In 1993, Senator Orrin Hatch, a Republican from Utah, said that Supreme Court nominee Ruth Ginsburg, nominated by Democrat Bill Clinton, would have a “relatively easy time” with her Supreme Court Nomination. He went on: “the Supreme Court has its political aspects, but it is the least politicized institution in our society, and I would like to keep it that way as much as I can.” Justice Ginsburg was nominated to the Supreme Court by a vote of 96-3.
In 2018, for any Senator to make such a claim would be considered blasphemous. At the end of this week, the Senate will vote on the confirmation of Brett Kavanaugh. Based on the decision of about five Senators, one side thinks that it will win and that the other will lose. Regardless of the result, however, I think the country has already lost. In the partisan fight over Kavanaugh, both parties have abandoned norms, forgotten objectivity, and sacrificed decency. And nothing suggests that any of this will come back anytime soon.
From the moment Brett Kavanaugh was nominated, the Left was intent to #stopKavanaugh. At first, the #resistance was due to Kavanaugh’s judicial philosophy. He was going to overturn Roe v. Wade, they said. Democrats argued it wasn’t enough that he said the case was “precedent.” He needed to also say that it was “correctly decided.” Then Kavanaugh’s views on US v. Nixon came under scrutiny, as some believed this forebode future Justice Kavanaugh limiting the Mueller investigation’s ability to subpoena the President. Asking tough questions based on these views is appropriate. To reject a nominee—one who most agree is qualified in terms of experience—because his judicial decisions disagree with your politics is to deny the idea that elections have consequences.
Then came the sexual assault allegations. Democrats rightfully pushed for a hearing with Kavanaugh and his accuser, Christine Blasey Ford. After the hearing, they demanded an FBI investigation, which they got. But now Democrats claim that the investigation was too limited. They also want Kavanaugh’s underage drinking investigated too. The fact that virtually no Democrats (with the possible exceptions of Heidi Heitkamp of North Dakota and Joe Manchin of West Virginia) will vote for Kavanaugh is immaterial to them. Meanwhile, an objective observer grows sympathetic to the claim that Democrats are attempting to delay the vote indefinitely.
The Right is equally to blame. Republicans are rushing to hold a vote for Kavanaugh even though they are most likely going to keep the Senate this fall. Why not investigate all allegations and make a fully informed decision? Sarah Sanders told reporters that Kavanaugh should receive an up-or-down vote from the Senate because “that’s what’s supposed to happen in every single one of these instances.” Does she think we have amnesia? These claims fall on deaf ears for anyone who can remember the name Merrick Garland, whose nomination remained before the Senate for ten months and, despite sitting on the same DC Circuit Court as Kavanaugh, did not receive a hearing or a vote.
Throughout the ongoing saga involving sexual assault allegations against Kavanaugh, Republicans accuse Democrats of eliminating the “presumption of innocence” (i.e., that one is innocent until proven guilty). But Kavanaugh is not on trial. His hearing is a job interview. If you were an employer, would you hire someone who had multiple sexual assault allegations? Who is accused of being a belligerent drunk and getting into altercations while intoxicated? Who yelled at you in the job interview? Now consider the fact that the job for which this applicant is interviewing has life-tenure. And the impact of this job has implications for millions of Americans. Despite all of this, only a few moderate Republican Senators (Jeff Flake from Arizona, Lisa Murkowski from Alaska, and Susan Collins from Maine) are even considering voting “no” on Kavanaugh.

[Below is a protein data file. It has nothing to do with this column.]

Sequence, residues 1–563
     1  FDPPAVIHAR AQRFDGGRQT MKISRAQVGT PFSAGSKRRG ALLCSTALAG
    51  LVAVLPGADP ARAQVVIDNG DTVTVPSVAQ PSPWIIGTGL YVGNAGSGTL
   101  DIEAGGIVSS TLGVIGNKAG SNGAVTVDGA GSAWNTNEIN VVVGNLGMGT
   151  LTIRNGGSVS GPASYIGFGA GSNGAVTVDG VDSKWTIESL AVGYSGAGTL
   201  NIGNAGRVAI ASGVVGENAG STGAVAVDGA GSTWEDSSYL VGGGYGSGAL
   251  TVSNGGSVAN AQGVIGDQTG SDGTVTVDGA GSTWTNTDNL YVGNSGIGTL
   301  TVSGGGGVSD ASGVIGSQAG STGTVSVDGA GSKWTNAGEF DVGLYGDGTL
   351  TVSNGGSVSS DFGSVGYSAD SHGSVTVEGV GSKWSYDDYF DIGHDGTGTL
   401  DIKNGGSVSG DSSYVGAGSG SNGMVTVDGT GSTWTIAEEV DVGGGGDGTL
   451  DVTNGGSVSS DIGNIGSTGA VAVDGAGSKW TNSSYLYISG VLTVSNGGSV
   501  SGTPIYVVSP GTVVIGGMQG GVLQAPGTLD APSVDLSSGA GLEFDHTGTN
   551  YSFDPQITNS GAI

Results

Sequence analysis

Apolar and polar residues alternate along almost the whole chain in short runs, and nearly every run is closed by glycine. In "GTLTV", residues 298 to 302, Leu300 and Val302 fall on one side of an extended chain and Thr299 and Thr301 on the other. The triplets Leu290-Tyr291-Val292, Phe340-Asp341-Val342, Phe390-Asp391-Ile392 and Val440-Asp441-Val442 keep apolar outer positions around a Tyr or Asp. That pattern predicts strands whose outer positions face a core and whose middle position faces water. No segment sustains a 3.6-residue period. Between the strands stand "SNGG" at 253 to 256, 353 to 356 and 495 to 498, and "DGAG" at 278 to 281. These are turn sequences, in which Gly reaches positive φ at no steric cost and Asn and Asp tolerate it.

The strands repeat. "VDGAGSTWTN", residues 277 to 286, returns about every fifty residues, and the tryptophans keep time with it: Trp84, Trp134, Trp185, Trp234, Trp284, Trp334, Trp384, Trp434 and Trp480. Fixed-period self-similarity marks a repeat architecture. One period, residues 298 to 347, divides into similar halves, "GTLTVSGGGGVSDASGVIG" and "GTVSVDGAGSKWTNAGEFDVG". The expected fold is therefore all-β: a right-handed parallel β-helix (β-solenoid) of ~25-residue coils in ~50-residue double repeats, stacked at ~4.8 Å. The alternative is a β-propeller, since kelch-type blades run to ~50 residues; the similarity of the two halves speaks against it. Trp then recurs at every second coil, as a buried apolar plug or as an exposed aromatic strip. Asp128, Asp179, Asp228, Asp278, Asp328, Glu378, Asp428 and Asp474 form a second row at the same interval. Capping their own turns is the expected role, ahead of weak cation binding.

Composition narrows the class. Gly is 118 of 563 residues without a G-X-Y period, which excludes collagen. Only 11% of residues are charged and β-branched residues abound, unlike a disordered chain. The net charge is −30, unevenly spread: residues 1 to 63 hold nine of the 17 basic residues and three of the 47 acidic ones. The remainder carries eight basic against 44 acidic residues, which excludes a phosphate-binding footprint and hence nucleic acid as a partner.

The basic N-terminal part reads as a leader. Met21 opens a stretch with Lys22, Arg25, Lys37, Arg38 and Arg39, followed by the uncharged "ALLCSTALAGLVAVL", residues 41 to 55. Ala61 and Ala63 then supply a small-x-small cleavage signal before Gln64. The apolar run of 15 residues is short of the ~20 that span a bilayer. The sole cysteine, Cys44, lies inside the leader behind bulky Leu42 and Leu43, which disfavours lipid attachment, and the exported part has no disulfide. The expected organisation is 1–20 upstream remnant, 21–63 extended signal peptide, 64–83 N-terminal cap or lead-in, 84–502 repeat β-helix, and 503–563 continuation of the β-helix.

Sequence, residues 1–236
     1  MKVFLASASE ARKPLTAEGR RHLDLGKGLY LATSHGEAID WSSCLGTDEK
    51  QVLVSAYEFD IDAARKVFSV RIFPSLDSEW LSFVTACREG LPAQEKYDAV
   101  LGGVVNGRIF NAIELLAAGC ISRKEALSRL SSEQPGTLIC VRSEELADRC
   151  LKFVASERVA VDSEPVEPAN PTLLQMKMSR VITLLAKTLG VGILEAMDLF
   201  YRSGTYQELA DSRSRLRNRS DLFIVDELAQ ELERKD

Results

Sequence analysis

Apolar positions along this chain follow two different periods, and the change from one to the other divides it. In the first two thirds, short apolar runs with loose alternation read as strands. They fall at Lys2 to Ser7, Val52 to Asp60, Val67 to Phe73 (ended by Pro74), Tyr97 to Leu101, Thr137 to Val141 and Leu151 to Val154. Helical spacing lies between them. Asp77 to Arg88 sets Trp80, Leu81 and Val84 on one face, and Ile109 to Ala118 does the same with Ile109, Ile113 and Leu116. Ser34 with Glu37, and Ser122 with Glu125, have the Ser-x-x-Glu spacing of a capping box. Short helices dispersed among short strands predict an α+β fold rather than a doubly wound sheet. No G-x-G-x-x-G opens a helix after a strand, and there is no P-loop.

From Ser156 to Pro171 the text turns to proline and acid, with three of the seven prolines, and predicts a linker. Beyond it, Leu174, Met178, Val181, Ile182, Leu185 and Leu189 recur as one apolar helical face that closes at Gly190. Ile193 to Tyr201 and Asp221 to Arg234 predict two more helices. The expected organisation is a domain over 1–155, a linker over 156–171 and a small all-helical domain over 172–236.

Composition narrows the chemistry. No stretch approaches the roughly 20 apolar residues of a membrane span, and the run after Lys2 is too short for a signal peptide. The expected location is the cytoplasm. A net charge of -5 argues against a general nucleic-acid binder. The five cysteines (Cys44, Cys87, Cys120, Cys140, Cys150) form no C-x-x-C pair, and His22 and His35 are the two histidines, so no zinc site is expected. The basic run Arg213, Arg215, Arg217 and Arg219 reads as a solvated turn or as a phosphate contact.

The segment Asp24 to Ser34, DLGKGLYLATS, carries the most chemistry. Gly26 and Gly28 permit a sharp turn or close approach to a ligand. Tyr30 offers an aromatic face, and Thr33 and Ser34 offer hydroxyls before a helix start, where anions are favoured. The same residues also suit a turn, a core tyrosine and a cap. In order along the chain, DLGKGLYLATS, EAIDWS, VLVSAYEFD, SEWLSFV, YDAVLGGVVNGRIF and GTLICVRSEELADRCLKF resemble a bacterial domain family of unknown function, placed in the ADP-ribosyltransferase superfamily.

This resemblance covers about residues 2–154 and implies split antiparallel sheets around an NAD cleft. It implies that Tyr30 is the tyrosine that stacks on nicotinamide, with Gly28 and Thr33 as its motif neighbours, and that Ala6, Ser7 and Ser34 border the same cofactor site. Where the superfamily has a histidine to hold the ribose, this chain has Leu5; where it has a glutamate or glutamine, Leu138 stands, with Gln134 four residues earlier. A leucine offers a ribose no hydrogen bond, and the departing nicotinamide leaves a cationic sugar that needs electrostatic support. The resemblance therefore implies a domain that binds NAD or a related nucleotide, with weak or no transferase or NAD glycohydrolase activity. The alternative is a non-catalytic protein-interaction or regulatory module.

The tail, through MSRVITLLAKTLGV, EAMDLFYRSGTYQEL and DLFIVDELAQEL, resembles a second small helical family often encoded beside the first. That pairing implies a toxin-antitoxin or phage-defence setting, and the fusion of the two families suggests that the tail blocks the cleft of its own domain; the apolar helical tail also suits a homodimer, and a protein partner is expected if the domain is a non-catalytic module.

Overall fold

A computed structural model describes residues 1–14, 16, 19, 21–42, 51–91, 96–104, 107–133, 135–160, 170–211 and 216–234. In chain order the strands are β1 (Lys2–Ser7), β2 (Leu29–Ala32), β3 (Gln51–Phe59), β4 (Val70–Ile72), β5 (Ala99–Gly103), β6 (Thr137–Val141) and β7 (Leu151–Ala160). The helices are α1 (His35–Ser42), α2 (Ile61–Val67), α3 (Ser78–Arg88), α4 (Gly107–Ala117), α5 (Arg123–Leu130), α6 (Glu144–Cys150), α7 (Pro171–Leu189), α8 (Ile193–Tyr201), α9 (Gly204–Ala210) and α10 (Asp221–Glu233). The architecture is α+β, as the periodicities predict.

On Kavanaugh, where you sit is where you stand. And that’s the problem.
The Constitution requires that the Senate provide “advice and consent” to the President when it comes to appointments to public positions. In the modern era, advice and consent have turned into harangue and demonization. The only bright spot these past weeks was when Senator Jeff Flake, a Republican from Arizona, signaled to his friend Chris Coons, a Democrat from Delaware, to talk in private during the Kavanaugh hearing. In their closed-door discussion, Flake agreed to hold his final confirmation vote until the FBI conducted a limited investigation into the sexual assault allegations against Kavanaugh.
To all partisans and #resistors: take note. The most significant development in the story came from two moderates (friends, I would note) who came to a reasonable compromise. Please, sir, I want some more.
In 1993, Senator Orrin Hatch said: “the point that needs to be made is that this Senator rejects the concept that any single litmus test should stop somebody from serving on the Supreme Court because if we start deciding who serves there purely on political grounds, then we will politicize that institution which I think means so much to all of us.” Unfortunately, we must now consider the institution politicized. Split apart at the seams. This is what the destruction of Democracy looks like.
Joe Schuman is the Founder and Editor-in-Chief of Divided We Fall. He works to set the vision of the organization and to build the team to meet that mission. Joe works as a civilian for the Department of Defense promoting innovation and emerging technology. Joe is also an Officer in the Air National Guard and a graduate of the Massachusetts Institute of Technology. In his spare time he can be found reading non-fiction, playing piano, and running triathlons.